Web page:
Traveling To Learn New Languages

Learn New Languages

It is not uncommon for long term travellers to end up having a random collection of phrases from all over the world stored up in their minds. As they hop through various countries they to pick up various bits of local lingo in order to get by, and many backpackers make a point of ensuring that they can at least say something in the national language.

Not only is it useful to be able to communicate with the people around you, but if you learn new languages as you move around, you are also being respectful. You’re a guest in their country, and to immerse yourself in the culture the first step is to be able to say a few things in their dialect. Many people actually use language learning as their own personal reason to travel, giving them a strong vocabulary from various different languages and opening their lives up to more and more experiences.

Why learn another language?

The benefits of learning another language are endless as it leads to many different open doors and opportunities. The obvious benefit is that it makes travel easier because you can communicate with the people around you. Order the things you want in restaurants, making sure you’re taking the right bus, and communicating with staff in hotels are just a few situations in which speaking the local language will come in handy. The more you can speak, the more you can interact with the local people and have full conversations with them, giving you a greater understanding of the place you’re visiting.

On many occasions I have come across locals who beam with pride when you manage to speak even just a tiny bit of their language. It seems to me that many people who don’t speak English can feel like there seems to be a worldwide belief growing that they should speak English because it’s becoming the international language. So English speakers coming to their country to learn their language is a way of breaking down that barrier and helping them to keep their national identity alive. Language learning promotes cross-cultural understanding and helps develop relationships between locals and travelers.

Additionally, learning another language will help to boost your resume and improve you job prospects for the future. As the corporate world becomes more global, these kinds of companies are searching out multi-linguists more often to fill in roles in other countries.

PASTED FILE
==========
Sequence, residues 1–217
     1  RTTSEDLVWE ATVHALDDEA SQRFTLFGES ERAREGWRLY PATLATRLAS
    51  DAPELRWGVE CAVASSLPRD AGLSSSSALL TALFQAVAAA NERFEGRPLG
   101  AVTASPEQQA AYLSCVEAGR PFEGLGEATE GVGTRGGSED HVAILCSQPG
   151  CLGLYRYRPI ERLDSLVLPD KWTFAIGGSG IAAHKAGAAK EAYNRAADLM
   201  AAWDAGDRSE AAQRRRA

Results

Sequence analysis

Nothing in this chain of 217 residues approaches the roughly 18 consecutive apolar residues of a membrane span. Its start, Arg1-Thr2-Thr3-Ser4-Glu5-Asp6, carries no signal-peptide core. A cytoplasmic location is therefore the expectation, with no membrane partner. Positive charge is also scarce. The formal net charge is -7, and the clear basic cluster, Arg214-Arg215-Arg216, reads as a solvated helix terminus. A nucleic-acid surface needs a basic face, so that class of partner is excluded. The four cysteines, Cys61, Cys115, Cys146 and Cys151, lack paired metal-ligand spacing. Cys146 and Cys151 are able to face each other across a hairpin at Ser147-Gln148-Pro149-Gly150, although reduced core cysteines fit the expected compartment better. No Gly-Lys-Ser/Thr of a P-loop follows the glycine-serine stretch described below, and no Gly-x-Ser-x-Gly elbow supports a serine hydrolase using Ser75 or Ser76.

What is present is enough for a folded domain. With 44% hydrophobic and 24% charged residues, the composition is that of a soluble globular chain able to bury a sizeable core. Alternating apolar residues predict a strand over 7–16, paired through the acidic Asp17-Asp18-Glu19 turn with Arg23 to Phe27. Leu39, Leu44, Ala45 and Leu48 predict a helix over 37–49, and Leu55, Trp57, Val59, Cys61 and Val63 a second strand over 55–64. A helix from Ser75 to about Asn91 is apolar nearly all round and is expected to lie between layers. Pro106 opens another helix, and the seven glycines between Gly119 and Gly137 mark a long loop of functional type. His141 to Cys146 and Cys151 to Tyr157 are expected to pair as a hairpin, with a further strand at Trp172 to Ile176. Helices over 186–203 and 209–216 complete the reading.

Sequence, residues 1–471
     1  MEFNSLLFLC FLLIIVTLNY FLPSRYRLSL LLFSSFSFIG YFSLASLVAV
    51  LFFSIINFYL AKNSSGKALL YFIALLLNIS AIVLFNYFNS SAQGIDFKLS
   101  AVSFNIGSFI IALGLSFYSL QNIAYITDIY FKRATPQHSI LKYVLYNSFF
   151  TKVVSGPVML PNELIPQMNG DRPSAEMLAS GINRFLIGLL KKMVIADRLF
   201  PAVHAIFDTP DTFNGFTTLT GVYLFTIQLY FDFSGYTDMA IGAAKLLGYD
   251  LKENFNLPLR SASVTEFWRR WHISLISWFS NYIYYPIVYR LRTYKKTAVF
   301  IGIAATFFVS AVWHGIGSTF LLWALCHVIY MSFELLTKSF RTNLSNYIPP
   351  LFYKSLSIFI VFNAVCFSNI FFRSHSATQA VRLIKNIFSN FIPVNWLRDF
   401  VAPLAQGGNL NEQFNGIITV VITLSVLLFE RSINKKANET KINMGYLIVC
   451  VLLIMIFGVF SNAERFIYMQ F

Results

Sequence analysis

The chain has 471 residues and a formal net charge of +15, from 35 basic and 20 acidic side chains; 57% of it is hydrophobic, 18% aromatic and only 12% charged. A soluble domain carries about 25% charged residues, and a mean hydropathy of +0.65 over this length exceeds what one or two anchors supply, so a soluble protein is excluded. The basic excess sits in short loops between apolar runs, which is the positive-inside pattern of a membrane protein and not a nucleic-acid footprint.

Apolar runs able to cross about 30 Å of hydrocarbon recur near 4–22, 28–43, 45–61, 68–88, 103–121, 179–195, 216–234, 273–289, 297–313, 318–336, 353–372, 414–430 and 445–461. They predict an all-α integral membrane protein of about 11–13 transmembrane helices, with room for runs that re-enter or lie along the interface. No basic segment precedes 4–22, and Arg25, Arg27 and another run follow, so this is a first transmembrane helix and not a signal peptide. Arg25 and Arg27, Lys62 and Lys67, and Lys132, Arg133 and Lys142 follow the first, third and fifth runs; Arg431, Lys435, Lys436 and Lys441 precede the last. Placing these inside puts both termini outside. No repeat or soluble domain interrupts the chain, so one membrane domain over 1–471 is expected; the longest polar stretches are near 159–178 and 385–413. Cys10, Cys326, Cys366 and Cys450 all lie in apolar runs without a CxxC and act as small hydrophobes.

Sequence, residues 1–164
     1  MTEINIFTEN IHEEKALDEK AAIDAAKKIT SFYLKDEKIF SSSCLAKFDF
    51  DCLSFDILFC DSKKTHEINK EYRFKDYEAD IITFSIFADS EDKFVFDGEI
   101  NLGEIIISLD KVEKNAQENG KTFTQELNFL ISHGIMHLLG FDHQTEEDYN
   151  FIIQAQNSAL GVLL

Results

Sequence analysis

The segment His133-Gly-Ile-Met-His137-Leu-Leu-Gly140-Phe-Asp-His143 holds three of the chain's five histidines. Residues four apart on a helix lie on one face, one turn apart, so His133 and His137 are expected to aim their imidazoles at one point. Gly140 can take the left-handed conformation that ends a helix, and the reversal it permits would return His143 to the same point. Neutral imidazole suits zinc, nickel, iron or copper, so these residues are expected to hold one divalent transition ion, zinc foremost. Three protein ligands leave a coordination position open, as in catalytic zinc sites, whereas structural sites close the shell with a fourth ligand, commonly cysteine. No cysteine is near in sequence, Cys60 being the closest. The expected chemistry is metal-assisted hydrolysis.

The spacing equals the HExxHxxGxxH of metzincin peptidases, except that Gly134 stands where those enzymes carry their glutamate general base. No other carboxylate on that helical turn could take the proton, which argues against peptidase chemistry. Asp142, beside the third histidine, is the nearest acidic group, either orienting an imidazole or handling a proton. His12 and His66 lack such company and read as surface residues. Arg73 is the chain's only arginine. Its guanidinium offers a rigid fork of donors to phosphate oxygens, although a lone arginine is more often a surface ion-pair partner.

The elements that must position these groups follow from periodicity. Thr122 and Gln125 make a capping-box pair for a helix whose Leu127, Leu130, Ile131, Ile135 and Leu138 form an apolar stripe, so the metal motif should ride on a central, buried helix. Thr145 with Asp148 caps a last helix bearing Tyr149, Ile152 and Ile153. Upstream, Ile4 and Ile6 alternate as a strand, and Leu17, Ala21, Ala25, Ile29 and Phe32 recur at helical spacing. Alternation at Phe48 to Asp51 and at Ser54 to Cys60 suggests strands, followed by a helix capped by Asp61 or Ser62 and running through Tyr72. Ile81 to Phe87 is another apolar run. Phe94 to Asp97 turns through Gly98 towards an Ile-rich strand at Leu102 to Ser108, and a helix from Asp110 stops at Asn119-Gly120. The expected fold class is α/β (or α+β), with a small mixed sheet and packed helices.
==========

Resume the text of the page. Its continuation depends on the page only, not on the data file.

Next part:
Travel and Study

There are a number of ways that you can learn new languages and travel around the globe. The most common is to find a language school in a city or town on your route that you’d like to stay at for an extended period of time. Many travelers I’ve meet take month-long courses as they travel, and in many places it’s actually more cost-effective than taking classes before you set out on your journey. Spanish classes in South America, for example, are extremely cheap in comparison to courses in the UK or USA, and not only will you be taught by a local but you will have plenty of opportunity to use your Spanish outside the classroom.

Private lessons abroad can also prove to be very cheap and it will allow you to focus your classes on your personal needs. Many hostels will be able to put you in touch with a private tutor, and some even have their own in-house tutors that will come to the hostel to teach you. It could also be worth paring up with someone in your hostel during these lessons in order to have a study partner and someone to learn with.

Finally, almost every large city around the world has some kind of language meetup going on every week that offers a more casual setting for you to practice your language skills. These are often hosted in hostels or bars, where you can sip on a beer and chat away to new friends, both locals and other travelers, whilst building a more conversational grasp on your language of choice. Not only does this encourage you to improve in your language skills, but it helps you to meet new people on your travels and enrich your social life.

Emma

Emma Higgins has been writing and traveling on and off since 2009. Her blog, Gotta Keep Movin’ is full of stories and advice from her trips, which include Europe, India, Morocco, South America, the USA and Canada. Her main focuses are budget travel and volunteering, and she has been involved in sustainable farming in Argentina, animal shelters in Peru, and even tried her hand at making goats cheese in British Columbia. Follow her travels on Facebook, Twitter and Pinterest.
Categories: Education

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